As we all know, the economy hasn’t been doing well of late, stagnating since the 2008-09 recession. Since then it has grown by just 0.13% a year, compared with the historical average of 2% a year. This matters because stronger productivity growth increases tax revenues and helps improve wages and living standards. But the overall picture disguises what is happening in different sectors of the economy. And it isn’t all bad news. Our latest report shows that NHS productivity is bucking trends apparent across the rest of the economy.
NHS productivity is measured by comparing growth in the outputs produced by the NHS to growth in the inputs used to produce them. NHS outputs include the amount and quality of care provided to patients. Inputs include the number of doctors, nurses and support staff providing care, the equipment and clinical supplies used, and the hospitals and other premises where care is provided.
The measure of NHS output captures all the activities undertaken for all NHS patients wherever they are treated in England. NHS output has increased between 2004-05 and 2013-14, primarily because ever more patients are receiving treatment. Compared with 2004-5, hospitals are treating 4m (32%) more patients, the number of outpatient attendances has increased by 17%, there has been a 25% growth in GP consultations and community care activity has increased by 14%.
Quality has also improved. There has also been year-on-year improvements in hospital survival rates, although concerns remain about a variation in survival rates across hospitals. On the downside, although waiting times are shorter than they were in 2004-5, they have been getting longer since 2007-8. Taking account of the amount and quality of care, overall NHS output increased by 47% between 2004-5 and 2013-14.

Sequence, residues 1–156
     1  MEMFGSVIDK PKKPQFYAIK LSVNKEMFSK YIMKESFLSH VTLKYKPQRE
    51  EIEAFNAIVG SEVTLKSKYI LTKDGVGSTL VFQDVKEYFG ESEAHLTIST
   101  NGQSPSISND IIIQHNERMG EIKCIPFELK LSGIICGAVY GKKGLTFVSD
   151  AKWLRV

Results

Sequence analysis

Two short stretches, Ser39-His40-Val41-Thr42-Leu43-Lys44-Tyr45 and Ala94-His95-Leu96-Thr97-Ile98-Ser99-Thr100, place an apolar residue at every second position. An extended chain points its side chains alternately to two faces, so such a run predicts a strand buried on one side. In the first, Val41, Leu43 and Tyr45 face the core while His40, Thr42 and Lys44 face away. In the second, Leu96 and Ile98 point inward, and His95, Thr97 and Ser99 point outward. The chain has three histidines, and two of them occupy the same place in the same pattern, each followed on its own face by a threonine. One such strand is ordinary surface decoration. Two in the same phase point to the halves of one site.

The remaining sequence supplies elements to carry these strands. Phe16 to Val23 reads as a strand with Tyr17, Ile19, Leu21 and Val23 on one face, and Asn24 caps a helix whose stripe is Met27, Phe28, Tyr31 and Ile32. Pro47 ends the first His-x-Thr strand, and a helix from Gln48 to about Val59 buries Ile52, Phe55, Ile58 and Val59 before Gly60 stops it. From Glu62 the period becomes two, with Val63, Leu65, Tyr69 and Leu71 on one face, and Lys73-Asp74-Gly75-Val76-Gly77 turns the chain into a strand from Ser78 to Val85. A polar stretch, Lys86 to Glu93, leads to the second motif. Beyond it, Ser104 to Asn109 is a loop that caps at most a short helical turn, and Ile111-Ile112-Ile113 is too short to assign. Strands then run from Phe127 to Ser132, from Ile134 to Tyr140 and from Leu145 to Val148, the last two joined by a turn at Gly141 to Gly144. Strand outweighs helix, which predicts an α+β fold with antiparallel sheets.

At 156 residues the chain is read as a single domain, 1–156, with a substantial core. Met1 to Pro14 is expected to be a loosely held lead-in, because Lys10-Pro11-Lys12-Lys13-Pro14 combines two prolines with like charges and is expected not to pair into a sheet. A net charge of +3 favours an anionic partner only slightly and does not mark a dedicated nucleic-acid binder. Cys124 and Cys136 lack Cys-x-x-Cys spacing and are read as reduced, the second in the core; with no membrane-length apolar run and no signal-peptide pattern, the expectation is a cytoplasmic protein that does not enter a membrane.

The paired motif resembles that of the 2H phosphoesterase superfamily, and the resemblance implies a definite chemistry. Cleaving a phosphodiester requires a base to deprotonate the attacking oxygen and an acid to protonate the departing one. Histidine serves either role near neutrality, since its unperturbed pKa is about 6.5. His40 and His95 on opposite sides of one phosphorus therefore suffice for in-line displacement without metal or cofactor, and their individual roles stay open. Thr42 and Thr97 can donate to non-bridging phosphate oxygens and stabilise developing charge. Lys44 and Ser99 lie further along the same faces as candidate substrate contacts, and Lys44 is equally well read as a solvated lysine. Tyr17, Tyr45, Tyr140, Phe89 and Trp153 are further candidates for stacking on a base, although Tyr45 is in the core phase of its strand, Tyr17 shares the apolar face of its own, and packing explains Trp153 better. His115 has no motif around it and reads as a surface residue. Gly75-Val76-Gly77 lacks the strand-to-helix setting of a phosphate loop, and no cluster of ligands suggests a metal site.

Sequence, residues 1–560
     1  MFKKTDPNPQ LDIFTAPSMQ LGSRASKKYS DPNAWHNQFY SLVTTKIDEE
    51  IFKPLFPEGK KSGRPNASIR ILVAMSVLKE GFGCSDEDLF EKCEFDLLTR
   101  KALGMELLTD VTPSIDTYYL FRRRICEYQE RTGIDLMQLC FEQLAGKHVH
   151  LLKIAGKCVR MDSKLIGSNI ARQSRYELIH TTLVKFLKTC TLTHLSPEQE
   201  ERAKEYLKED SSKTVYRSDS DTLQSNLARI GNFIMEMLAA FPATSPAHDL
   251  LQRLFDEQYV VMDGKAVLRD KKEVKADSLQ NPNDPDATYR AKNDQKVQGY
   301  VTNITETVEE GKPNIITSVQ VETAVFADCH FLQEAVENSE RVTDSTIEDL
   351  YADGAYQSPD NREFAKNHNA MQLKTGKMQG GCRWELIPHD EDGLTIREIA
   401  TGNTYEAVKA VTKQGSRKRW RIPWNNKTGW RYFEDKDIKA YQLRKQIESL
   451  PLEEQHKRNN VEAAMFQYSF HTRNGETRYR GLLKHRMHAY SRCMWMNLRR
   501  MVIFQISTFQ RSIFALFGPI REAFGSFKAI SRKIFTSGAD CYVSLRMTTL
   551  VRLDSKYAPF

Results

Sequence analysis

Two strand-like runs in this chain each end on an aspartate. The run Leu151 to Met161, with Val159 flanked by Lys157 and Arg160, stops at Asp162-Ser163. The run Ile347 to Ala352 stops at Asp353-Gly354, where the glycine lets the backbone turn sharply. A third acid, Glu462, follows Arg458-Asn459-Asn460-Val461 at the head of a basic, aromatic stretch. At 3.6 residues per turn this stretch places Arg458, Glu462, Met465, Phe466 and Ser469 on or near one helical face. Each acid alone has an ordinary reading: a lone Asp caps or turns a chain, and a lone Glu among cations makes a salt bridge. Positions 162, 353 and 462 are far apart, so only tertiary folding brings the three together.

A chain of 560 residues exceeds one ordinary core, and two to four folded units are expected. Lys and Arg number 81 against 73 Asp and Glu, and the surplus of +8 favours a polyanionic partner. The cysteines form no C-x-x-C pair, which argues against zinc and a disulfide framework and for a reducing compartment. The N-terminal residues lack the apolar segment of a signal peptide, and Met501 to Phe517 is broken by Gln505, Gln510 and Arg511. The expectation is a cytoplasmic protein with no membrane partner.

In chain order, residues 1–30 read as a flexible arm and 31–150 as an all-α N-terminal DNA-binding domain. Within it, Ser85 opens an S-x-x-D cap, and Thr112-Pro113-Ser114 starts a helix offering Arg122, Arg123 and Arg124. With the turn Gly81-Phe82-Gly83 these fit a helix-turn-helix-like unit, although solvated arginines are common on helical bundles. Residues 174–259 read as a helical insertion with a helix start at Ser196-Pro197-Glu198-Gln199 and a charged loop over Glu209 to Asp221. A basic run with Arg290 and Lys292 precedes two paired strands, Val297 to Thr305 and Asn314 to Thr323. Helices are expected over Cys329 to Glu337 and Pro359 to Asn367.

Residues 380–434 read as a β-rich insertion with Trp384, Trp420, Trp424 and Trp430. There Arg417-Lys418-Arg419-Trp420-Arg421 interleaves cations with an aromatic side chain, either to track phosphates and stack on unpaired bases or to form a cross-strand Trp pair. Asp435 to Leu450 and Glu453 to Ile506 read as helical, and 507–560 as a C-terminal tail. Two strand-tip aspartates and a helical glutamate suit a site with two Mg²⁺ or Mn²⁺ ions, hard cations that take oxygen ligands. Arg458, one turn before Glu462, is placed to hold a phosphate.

Increased NHS output has come about in response to pronounced increases in NHS expenditure. This has funded higher wages – which rose by 24% between 2004-5 and 2012-13 (although pay has fallen since 2009). It has also paid for a 10% increase in the number of NHS staff and increased use of agency staff –although there have been periods of retrenchment, notably whenever the hospital sector has been struggling to reduce deficits.
The use of non-staff resources, such as equipment and supplies, has increased by about the same proportion (11%) year-on-year. Taken together, NHS inputs increased by 31% between 2004-5 and 2013-14.
We can calculate productivity growth by comparing output growth with input growth. From 2004-5 to 2013-14, NHS productivity has increased by almost 13%. Productivity growth has been especially strong since 2009-10, and between 2012-13 and 2013-14, the latest available figures, growth amounted to 2.2%.
How does the NHS compare?
The NHS has been outperforming the rest of the UK economy over the last few years. The economy-wide measure produced by the Office of National Statistics referred to as gross value added per hour worked is calculated by assessing the contribution of each sector of the UK economy to overall economic growth.
The rate of NHS productivity growth since 2004-5 compares favourably with that achieved by the economy as a whole. The graph below shows NHS productivity growth outpacing the economy through the entire period. The recession in 2008-09 is reflected by the notable dip in each series. Since then NHS productivity has increased year-on-year, whereas productivity has been falling for the economy since 2011-12.
This good news about NHS productivity growth is tempered by the claim that it is not enough. In order to meet growing demand on the NHS over the foreseeable future, the NHS has been set a target of productivity improvements of 2-3% a year. Although this rate has been achieved recently, it is higher than the annual average realised since 2004-05. However well the NHS has been doing, the pressure to do better remains.
There is another problem. The recent productivity gains may not be sustainable. They have been achieved mainly by restricting growth in staffing levels – staff have been working harder and the productivity gains are down to this. But staff numbers have increased lately in response to the Mid Staffs enquiry and may do so further if the NHS is to extend the range of services it provides seven days a week. Faster growth in staff numbers may outpace growth in the numbers of patients treated or improvements in the quality of their care. If so, there will be a slowdown in productivity growth.
The NHS then, like the economy as whole, faces tough challenges in continuing to make productivity gains. Looking forward, it will not be enough simply to work existing inputs harder. Rather the NHS will have to become better at reducing inefficiency and unwarranted variations in practice. But at least the NHS will be starting in a stronger position than might have been thought.